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Competition in manufacturing in the 90's continues to resemble a global battlefield. Great debate rages concern­ing which strategies and techniques will best assure win­ning the manufacturing war. Consensus has developed around some of the critical principles for creation of a winning organization:
• people are the greatest asset of an organization

• the application of their skill and knowledge deter­mines the level of the organization's performance
• constant global changes and rapid technological devel­opments demand lifelong learning for all employees and organizations
• effective training is absolutely crucial to maintain the dynamic, skilled workforce that this Age of Informa­tion requires
• employee capability development is a key strategic corporate thrust

The conclusion is that new skills are being required at a dizzying pace in an environment where cost pressures are putting a premium on training expenses and employee time—and reaping business results is more critical than ever! Recognizing this, corporate America spends a mas­sive $40 billion annually on training, equating to an aver­age of nearly 40 hours of training per employee per year. And yet, current training methods fail to meet today's corporate needs. The widespread discontent with the return on investment for training includes such major complaints as:

• skills from the training are rarely applied, the organi­zation does not cash in on enough improvements, indeed one study has shown that only 10% of training is transferred to the job [1]
• new skills and knowledge are not retained very long, only 41% of information is retained immediately fol­lowing training, decreasing to 24% after six months and only 15% after one year [ 1]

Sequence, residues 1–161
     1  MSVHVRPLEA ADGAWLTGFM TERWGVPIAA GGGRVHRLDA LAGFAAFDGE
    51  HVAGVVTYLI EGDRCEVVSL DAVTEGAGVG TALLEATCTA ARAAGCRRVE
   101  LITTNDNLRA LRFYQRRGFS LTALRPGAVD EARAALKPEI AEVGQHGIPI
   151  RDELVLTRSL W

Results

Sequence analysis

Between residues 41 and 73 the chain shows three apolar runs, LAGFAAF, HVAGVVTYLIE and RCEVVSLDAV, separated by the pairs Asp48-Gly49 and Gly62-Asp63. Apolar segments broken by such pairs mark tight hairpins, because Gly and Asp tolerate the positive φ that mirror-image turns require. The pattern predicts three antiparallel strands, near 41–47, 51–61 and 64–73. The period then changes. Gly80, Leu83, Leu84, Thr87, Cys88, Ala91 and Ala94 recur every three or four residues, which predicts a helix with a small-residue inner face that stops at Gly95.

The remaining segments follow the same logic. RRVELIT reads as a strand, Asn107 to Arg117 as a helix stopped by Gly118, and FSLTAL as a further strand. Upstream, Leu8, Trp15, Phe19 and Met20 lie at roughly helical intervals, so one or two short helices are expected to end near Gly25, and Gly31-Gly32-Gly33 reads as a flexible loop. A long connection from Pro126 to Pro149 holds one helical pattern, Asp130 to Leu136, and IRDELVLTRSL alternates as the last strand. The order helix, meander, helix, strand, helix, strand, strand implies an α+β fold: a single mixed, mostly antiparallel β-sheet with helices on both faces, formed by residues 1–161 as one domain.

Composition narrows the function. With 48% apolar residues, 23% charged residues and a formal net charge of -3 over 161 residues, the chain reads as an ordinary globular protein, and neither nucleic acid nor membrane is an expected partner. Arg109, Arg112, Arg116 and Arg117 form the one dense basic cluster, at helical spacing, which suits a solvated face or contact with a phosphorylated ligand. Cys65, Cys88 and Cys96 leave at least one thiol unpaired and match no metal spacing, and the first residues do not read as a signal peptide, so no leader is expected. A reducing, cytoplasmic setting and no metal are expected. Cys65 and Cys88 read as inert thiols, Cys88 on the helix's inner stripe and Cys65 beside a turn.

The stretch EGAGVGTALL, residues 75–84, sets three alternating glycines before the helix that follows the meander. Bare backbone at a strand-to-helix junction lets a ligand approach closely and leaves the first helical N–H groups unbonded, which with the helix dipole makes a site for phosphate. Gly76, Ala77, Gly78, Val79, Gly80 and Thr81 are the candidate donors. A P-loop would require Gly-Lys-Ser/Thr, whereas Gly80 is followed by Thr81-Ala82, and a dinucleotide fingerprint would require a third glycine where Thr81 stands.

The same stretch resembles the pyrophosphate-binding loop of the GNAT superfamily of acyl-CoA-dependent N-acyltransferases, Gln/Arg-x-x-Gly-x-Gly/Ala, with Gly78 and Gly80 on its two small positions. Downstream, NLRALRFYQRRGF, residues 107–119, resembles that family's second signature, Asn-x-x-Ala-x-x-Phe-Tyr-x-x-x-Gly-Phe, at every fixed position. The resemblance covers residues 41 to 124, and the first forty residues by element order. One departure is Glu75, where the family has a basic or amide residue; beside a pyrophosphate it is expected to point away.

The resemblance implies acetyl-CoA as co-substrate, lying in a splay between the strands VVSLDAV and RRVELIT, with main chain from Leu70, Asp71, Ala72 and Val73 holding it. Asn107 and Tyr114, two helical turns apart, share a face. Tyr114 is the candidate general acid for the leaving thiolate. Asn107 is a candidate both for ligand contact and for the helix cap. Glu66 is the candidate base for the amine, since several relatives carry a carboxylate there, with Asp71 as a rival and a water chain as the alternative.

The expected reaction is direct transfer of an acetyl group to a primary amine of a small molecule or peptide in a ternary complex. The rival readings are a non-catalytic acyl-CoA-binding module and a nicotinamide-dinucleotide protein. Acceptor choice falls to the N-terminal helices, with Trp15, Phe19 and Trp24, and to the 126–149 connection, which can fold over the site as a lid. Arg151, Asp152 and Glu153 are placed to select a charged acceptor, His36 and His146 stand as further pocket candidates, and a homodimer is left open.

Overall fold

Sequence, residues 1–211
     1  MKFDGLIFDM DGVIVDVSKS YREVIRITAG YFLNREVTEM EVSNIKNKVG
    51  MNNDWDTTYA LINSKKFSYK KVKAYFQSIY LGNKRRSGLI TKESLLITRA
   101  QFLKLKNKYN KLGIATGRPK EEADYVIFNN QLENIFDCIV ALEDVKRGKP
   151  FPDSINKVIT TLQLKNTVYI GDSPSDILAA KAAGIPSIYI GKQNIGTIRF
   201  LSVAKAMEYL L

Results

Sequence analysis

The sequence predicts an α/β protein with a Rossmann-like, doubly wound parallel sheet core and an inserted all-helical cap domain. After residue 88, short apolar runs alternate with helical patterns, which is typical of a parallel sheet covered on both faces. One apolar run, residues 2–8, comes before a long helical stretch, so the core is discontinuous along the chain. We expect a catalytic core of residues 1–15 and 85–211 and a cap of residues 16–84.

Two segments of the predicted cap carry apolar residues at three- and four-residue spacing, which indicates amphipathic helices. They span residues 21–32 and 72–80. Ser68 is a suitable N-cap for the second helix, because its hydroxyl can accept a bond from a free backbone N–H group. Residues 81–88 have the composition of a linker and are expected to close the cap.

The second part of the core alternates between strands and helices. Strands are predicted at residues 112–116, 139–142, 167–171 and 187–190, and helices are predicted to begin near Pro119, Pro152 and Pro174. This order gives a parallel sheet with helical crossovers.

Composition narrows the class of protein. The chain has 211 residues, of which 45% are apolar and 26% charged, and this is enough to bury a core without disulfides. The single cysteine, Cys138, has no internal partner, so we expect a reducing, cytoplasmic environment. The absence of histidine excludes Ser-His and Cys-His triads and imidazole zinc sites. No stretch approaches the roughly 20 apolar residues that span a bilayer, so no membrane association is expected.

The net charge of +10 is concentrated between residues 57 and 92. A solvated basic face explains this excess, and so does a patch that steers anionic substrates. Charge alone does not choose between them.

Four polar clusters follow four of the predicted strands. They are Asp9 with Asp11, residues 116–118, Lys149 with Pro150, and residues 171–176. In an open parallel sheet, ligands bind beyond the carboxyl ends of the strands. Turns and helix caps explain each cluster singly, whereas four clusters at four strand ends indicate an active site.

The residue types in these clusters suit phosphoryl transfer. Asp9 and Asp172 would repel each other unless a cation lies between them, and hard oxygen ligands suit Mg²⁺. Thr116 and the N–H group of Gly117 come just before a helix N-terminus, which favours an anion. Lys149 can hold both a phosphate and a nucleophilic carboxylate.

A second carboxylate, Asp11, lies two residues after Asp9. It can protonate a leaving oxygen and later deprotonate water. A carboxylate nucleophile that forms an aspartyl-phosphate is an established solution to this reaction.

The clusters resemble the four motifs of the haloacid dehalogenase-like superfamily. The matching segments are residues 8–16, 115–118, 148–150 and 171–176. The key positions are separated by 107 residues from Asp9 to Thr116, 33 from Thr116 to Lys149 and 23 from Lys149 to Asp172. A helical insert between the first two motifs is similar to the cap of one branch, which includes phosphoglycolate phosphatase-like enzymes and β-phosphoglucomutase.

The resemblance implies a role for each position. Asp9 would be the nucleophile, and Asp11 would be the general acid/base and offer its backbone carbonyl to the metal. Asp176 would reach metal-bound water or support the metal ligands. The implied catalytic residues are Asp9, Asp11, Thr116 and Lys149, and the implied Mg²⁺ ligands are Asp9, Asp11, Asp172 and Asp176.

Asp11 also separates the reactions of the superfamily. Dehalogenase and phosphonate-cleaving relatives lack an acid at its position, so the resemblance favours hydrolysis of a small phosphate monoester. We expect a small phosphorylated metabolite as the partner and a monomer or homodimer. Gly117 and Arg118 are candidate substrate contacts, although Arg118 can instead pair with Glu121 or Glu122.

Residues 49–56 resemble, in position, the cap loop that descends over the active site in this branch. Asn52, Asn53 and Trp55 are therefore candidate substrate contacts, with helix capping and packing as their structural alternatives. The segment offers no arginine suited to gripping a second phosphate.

• training takes the employee away from the job too long
• training is not relevant to the job
• training is not interesting or effective

Thus, much of the current training in corporate America is WASTE! Winning at the manufacturing game desperately requires the application of new skills and knowledge—yet traditional training techniques are largely ineffective. This dilemma is summed up by Garwood's statement that conventional training focuses on "LEARN, RECITE, FOR­GET" instead of "LEARN, DISCUSS, APPLY" [8]. How can we solve this dilemma?

The Training Answer—Integrative Learning

There is a better way—Integrative Learning, as practiced today at Eastman Kodak Company and the APICS Roches­ter Chapter, offers short duration training events (faster) that are extremely effective at building skills and knowl­edge (higher) that will be, relative to conventional methods, retained longer and utilized more in the workplace (far­ther). The remainder of this paper describes the develop­ment and principles of Integrative Learning (IL), over­views IL training techniques, describes examples of how IL has been applied to MRPII and other subjects at Kodak and APICS Rochester, discusses the results delivered by IL training, and finally shares how the P&IC practitioner can apply these techniques.

What Is Integrative Learning?

IL is an educational system that involves your whole person in the learning process, not just the parts of your brain that think logically or linearly (Left Brain/ Right Brain theory suggests the Left is logical the Right is creative). IL seeks to create a learning environment that is conducive to learning by eliminating the most typical barriers—fear of failure, anxiety, boredom—and replacing them with an enjoyable, fun atmosphere. Educator and consultant Peter Kline is a principal developer of IL as practiced today in many Fortune 500 companies and school systems. IL seeks to make learning enjoyable and effective so that anyone can be an Everyday Genius, the title of Kline's first book. Kline's IL finds its roots in Lozanov's Suggestopedia methods, which also spawned offspring named Accelerative Learning, Creative Learning, Whole Brain Learning and Super learning [2]. Next, we explore the theoretical foundations of modern day IL.

To be Continued


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